Grief is a natural reaction to loss, and in the practice of medicine we're routinely faced with loss. Most of us who have gone through clerkship during medical training can remember the first time we encountered death in a direct way as part of a healthcare team. For Colin, it was the death of a child to cancer; for Sara, it was the death of the mother of a newborn child. Not expected deaths, but even the so-called expected deaths are jarring when you're a brand new part of a medical team delivering care. We both remember the feelings of fear and sadness that had no where to go except deep inside as there were more patients to see, work to do and expectations to fulfill.
So where does this grief go? In a very recent BMJ article, Should Doctors Cry at Work?, the author says: "Probably still more doctors have done so but been unwilling to admit it for fear that it could be considered unprofessional - a sign of weakness, lack of control, or incompetence." Fortunately, much of the responses to this article pointed to physicians saying they have, and do, cry at work as a normal reaction to human suffering and loss. Perhaps the question should be do physicians have a safe space at work to process their emotions?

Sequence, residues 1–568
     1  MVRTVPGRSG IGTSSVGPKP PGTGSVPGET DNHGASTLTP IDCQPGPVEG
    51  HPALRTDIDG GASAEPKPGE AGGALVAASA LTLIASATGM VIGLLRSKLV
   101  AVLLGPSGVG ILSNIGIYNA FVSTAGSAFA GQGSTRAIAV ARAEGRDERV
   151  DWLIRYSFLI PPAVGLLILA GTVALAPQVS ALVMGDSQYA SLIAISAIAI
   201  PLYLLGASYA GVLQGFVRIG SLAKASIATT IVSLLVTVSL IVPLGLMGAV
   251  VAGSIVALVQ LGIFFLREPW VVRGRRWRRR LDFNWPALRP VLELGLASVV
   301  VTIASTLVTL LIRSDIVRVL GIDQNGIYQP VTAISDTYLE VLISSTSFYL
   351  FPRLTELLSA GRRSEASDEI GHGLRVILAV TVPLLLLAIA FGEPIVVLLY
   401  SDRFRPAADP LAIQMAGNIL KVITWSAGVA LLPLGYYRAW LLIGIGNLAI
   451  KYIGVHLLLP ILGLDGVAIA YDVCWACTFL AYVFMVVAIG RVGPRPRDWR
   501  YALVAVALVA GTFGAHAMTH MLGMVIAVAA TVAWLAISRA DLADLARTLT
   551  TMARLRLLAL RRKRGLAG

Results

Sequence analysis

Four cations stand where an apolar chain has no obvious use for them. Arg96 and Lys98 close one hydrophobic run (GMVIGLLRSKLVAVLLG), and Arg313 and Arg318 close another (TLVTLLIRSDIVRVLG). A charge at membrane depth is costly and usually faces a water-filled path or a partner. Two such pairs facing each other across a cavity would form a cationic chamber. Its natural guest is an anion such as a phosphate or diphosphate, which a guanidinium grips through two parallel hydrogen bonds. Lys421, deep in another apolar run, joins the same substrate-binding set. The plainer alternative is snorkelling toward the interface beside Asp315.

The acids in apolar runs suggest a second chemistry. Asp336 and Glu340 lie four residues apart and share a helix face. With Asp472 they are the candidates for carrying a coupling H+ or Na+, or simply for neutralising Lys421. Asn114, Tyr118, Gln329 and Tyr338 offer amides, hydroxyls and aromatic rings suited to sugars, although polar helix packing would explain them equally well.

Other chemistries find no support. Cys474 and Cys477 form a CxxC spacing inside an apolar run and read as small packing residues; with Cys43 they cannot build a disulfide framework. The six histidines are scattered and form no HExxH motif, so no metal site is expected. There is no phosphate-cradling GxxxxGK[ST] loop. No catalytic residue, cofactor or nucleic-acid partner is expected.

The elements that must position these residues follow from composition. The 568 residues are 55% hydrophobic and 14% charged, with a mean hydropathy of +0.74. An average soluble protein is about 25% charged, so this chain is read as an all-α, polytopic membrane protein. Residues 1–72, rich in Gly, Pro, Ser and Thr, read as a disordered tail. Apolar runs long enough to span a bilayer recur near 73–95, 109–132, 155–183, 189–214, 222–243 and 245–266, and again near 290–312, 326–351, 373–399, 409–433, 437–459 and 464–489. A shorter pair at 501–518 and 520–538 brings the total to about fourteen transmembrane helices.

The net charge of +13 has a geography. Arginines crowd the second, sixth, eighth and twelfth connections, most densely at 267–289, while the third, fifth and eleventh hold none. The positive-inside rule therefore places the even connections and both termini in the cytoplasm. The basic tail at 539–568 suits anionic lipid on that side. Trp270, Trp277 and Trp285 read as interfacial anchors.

Many of you may remember a photo that went 'viral' a couple of years ago of an ER physician crouched down outside, grieving the death of a young patient. This image is so relatable and the public nature of it speaks to the lack of support around grief many healthcare professionals feel.
Being able to grieve can lead to so much of what we desire and need to heal on the other side of it. Gratitude, joy, clarity, compassion, and much more. Estelle Thomson speaks about her grief after losing her child on the Sickboy podcast and brings this process to life in a short CBC documentary Tommy Tinker Forever: A Mother's Journey of Grief and Love. It would impossible to not see the healing power of grief after watching it.
Ultimately, unprocessed grief is not benign. Loss is inevitable. Emotions are necessary. Loss is part of the job of being a physician and part of the deal of being a human. We all need the space to grieve.
"Don’t run away from grief, o soul,
Look for the remedy inside the pain,
because the rose came from the thorn
and the ruby came from a stone." ~ Rumi